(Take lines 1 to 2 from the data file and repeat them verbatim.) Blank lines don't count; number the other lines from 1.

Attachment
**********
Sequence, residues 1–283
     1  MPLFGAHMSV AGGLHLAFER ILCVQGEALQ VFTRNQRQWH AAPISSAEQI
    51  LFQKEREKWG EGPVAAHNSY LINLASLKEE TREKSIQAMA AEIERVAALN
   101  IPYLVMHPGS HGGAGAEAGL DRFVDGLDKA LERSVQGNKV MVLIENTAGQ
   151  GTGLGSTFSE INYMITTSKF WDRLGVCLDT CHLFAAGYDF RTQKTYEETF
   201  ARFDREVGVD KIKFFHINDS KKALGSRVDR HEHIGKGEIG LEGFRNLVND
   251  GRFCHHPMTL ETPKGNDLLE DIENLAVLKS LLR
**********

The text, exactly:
Sequence, residues 1–283
     1  MPLFGAHMSV AGGLHLAFER ILCVQGEALQ VFTRNQRQWH AAPISSAEQI